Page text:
First, therefore, let us have a look at what we might call the emigré works written by the two most well known Czech authors living in the West, Josef Škvorecký and Milan Kundera.

Josef Škvorecký is a born story-teller. Story-telling, or more precisely, the telling of anecdotes, forms the basis of his writing style. Comedy and surrealist inspired caricature are the fundamental elements of his literary method. At the same time, Škvorecký's works are exremely serious. By writing tragicomic farces, Škvorecký taps hidden reservoirs of energy. This carries the reader along and somehow brings him into contact with the very essence of life. People in Czechoslovakia have sometimes the tendency to dismiss Škvorecký as a low-brow author because most of his texts read extremely well - the reader does not need to work particularly hard to understand them. The simplicity of Škvorecký's writings is however misleading.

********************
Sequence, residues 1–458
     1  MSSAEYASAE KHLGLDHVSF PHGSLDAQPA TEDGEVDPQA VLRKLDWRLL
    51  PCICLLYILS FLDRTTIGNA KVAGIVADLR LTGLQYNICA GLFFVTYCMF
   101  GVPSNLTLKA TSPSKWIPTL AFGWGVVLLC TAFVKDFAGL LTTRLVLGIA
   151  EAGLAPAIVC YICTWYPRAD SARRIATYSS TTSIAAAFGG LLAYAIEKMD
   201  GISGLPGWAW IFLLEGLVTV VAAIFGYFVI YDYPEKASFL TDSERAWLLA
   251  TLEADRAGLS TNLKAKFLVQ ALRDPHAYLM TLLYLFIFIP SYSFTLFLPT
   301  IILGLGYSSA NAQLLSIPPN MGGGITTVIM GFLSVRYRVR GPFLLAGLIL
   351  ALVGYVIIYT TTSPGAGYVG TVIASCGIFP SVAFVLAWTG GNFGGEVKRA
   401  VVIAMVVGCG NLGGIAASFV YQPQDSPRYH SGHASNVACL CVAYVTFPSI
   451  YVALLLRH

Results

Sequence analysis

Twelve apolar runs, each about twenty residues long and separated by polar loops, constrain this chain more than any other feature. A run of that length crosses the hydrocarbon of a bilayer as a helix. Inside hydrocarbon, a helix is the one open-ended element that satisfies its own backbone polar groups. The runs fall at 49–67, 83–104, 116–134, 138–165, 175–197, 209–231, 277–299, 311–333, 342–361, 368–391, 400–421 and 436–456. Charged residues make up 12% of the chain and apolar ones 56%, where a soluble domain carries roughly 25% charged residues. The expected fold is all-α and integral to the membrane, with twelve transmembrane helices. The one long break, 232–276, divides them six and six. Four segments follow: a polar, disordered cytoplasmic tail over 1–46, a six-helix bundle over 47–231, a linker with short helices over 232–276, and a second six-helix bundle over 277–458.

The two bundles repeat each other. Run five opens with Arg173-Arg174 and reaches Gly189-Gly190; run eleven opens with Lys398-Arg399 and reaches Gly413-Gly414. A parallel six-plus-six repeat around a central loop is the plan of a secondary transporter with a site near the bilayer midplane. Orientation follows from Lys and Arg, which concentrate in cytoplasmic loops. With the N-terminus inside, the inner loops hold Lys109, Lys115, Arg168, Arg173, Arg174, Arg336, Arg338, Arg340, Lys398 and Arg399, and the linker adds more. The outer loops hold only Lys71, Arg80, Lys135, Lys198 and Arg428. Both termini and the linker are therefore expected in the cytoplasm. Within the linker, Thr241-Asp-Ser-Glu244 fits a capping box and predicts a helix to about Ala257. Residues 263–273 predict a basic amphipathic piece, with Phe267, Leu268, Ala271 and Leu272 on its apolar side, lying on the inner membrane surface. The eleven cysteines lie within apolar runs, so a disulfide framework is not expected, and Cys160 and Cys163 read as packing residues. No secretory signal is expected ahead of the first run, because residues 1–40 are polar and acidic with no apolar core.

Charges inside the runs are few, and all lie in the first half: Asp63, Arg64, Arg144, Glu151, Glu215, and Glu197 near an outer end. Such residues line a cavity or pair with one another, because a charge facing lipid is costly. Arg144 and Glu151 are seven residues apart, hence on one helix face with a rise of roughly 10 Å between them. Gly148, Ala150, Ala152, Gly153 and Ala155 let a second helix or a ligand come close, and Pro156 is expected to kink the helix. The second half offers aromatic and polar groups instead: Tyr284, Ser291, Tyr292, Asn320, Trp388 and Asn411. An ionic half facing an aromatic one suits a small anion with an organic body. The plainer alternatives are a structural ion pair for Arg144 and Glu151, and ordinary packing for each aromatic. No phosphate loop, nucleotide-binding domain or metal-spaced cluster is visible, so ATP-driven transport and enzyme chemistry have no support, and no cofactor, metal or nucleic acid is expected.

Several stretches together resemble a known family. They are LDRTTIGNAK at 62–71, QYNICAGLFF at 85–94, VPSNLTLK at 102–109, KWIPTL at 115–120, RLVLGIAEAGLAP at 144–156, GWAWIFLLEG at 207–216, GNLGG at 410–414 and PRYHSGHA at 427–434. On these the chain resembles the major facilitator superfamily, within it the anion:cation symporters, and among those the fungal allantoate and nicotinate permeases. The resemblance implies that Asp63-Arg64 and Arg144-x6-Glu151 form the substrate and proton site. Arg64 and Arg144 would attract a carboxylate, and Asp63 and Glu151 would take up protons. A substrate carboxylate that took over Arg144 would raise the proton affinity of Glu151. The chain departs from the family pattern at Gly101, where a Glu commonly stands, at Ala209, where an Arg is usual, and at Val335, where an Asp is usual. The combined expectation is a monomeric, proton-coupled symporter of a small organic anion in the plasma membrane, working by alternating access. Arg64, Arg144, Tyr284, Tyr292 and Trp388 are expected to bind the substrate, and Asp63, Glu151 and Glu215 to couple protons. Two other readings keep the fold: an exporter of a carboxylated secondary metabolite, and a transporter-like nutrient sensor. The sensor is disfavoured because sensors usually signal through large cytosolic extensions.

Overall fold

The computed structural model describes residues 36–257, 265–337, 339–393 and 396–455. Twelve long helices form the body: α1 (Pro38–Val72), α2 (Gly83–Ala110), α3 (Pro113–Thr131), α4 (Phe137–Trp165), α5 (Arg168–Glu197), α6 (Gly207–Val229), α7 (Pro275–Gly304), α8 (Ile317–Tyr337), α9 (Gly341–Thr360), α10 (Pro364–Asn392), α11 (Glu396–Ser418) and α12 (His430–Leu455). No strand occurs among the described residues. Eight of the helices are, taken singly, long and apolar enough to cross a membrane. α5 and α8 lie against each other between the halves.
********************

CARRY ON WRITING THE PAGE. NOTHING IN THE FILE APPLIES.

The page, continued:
Škvorecký's comedy and his narrative skill are largely based on linguistic experimentation. The protagonists of his novels are characterised primarily by their caricatured speech patterns. In line with this basic writing method, Škvorecký concentrates a great deal on the interplay of Czech and English as spoken by Czechoslovak immigrants to the American continent.